Cumulative impact is something the B.C. government does not like to talk about when consulting First Nations about resource developments.
Government prefers to look at projects in isolation. So, Site C on the Peace River, for example, is assessed on its own, not in the context of all the oil-and-gas activity taking place in the region.
That is not how native communities see things. To them, the question is not only what impact an individual project will have – but also what it will mean alongside all the other industrial activities in an area. And when game populations are dwindling, that becomes a crucial factor.
To make this point, the Blueberry River First Nation recently put together a time-lapse map that shows the rapid buildup of oil-and-gas projects in their traditional territory. Roads, pipelines, seismic drill sites and wells collect on the map until what was once a pristine area in northeastern B.C. is cluttered with symbols of industrial activity.
Gas wells in Blueberry River territory (5,786 active) now outnumber the declining woodland caribou (approximately 1,000).
The band prepared the map in the hope it could get the province to set aside 20,000 acres of land from development near Pink Mountain. The band, which totals 450 members on two reserves near Fort St. John, has been trying to get control of the land, but negotiations broke down recently. Talks stalled when the province, which has offered 7,200 acres, demanded that the band, which is a signatory to Treaty 8, give up its claim to treaty rights in all the other land in the traditional territory.
The band refused, saying the move was an attempt to strip them of their hunting and fishing rights to clear the way for unrestrained gas development.
That fear is well founded, because the Blueberry River people live in an area that sits right on top of the Montney shale-gas formation. Exploration has shown the area is stunningly rich in gas deposits, and its rapid development is a key to the Liberal government's plan to stimulate the economy.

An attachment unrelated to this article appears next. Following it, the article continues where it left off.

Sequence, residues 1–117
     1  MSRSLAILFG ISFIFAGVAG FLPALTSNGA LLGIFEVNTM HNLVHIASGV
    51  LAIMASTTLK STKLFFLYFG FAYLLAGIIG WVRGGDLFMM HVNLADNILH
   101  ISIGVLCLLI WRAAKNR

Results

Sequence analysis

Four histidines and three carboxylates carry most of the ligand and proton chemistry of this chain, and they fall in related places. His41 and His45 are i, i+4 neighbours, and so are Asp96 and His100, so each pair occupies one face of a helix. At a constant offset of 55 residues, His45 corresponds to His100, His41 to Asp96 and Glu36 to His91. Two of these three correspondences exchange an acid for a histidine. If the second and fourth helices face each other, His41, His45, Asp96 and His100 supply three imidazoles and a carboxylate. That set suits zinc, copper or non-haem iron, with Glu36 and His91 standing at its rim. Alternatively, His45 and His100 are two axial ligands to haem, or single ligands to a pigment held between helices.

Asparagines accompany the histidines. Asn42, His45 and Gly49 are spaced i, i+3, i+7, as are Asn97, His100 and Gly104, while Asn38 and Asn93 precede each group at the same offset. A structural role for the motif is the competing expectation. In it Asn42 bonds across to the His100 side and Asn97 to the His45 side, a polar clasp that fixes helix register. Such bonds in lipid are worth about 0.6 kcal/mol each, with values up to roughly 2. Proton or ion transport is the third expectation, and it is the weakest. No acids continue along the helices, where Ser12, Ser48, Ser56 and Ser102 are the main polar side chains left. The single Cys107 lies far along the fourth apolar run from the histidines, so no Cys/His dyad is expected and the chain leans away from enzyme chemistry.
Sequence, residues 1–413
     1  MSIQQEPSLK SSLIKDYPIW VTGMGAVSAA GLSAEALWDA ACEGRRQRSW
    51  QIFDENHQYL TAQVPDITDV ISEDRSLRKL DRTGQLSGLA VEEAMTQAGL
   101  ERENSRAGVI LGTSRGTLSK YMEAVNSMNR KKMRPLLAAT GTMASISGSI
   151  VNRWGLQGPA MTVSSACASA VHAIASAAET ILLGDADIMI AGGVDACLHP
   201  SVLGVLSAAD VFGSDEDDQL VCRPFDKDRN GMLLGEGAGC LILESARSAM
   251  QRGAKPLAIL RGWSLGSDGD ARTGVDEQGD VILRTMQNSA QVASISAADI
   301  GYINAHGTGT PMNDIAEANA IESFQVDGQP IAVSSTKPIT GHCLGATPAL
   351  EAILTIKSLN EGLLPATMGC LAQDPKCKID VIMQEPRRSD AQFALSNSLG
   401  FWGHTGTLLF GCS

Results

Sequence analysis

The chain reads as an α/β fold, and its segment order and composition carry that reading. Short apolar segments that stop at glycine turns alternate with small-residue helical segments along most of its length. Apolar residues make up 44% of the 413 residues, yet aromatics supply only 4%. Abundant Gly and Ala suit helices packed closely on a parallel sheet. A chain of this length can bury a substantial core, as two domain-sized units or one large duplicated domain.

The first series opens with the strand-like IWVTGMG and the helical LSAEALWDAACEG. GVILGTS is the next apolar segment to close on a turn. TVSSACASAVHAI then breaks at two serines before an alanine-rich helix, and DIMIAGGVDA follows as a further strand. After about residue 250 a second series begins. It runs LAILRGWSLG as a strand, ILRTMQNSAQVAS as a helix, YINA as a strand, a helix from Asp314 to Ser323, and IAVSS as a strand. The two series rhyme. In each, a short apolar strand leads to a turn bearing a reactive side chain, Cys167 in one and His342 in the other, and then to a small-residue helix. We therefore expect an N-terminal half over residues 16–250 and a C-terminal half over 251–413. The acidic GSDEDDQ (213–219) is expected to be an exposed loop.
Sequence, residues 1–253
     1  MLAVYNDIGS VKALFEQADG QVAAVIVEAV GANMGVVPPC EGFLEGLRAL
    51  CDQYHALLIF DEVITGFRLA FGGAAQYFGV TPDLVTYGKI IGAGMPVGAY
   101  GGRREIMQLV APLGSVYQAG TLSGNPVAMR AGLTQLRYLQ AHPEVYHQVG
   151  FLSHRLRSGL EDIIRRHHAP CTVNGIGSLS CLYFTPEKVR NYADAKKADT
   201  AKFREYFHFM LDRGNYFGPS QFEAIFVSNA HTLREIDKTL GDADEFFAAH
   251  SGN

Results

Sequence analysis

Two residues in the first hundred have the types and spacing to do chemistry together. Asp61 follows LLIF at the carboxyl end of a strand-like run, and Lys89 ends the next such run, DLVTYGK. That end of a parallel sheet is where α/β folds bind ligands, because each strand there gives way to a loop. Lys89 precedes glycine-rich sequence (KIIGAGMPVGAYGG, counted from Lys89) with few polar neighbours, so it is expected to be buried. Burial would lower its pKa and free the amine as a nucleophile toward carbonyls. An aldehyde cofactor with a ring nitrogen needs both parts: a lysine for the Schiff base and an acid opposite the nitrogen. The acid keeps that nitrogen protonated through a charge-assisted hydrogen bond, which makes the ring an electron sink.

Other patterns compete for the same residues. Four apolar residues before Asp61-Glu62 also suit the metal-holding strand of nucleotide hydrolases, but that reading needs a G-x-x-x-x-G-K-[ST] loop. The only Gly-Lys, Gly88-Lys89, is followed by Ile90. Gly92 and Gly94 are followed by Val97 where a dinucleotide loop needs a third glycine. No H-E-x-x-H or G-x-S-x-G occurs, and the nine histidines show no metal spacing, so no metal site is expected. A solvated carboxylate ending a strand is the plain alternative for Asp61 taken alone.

A lot of the gas that would supply proposed liquefied natural gas plants on the West Coast would come from Montney.
So the Blueberry leaders see a considerable threat, and they want to ensure that Pink Mountain is protected now – before the map is totally blotted out by development.
"The cumulative impact of oil-and-gas development in Blueberry traditional territory has been devastating," the band said in a recent statement. "In particular, the accelerated pace of shale-gas extraction during the last 10 years has permanently altered Blueberry's lands and water and members' ability to practise their constitutionally protected treaty rights."
The band has long regarded Pink Mountain as sacred because it is rich in game and is one of the few areas left that sustain their hunting lifestyle.
Saving Pink Mountain, and getting ownership of that land, is seen as a matter of cultural survival.
"Our traditional ways and culture are dying because of shale-gas development," said Marvin Yahey, Chief of the Blueberry River First Nation. "Oil and shale-gas extraction approved by B.C. has resulted in the eradication of our preferred hunting and trapping areas. This will only get worse during the LNG gold rush that is going on now."
Five pipelines are proposed across the band's traditional lands. The area has been extensively logged. BC Hydro's proposed Site C dam would flood a river valley the band has hunted for thousands of years.
And the time-lapse map tells the story of just how rapidly oil-and-gas development is taking place.
In isolation, each well does not do much damage. But add them all together, link them to all the other industrial activity, and it is devastating.
The government may not want to look at it that way, but for the Blueberry band that is the big picture, and they are likely to protest until it is dealt with.
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